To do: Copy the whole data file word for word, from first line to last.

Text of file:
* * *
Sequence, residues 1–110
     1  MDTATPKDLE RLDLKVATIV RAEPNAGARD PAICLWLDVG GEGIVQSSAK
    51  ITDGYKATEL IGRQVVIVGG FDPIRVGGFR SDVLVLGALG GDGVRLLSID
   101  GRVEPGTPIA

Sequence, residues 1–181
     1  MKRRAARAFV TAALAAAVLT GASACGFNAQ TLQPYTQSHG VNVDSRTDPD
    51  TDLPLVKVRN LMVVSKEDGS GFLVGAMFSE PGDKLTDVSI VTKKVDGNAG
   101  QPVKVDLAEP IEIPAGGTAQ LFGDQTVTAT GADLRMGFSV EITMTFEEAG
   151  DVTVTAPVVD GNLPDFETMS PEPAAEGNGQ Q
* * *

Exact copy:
Sequence, residues 1–110
     1  MDTATPKDLE RLDLKVATIV RAEPNAGARD PAICLWLDVG GEGIVQSSAK
    51  ITDGYKATEL IGRQVVIVGG FDPIRVGGFR SDVLVLGALG GDGVRLLSID
   101  GRVEPGTPIA

Sequence, residues 1–181
     1  MKRRAARAFV TAALAAAVLT GASACGFNAQ TLQPYTQSHG VNVDSRTDPD
    51  TDLPLVKVRN LMVVSKEDGS GFLVGAMFSE PGDKLTDVSI VTKKVDGNAG
   101  QPVKVDLAEP IEIPAGGTAQ LFGDQTVTAT GADLRMGFSV EITMTFEEAG
   151  DVTVTAPVVD GNLPDFETMS PEPAAEGNGQ Q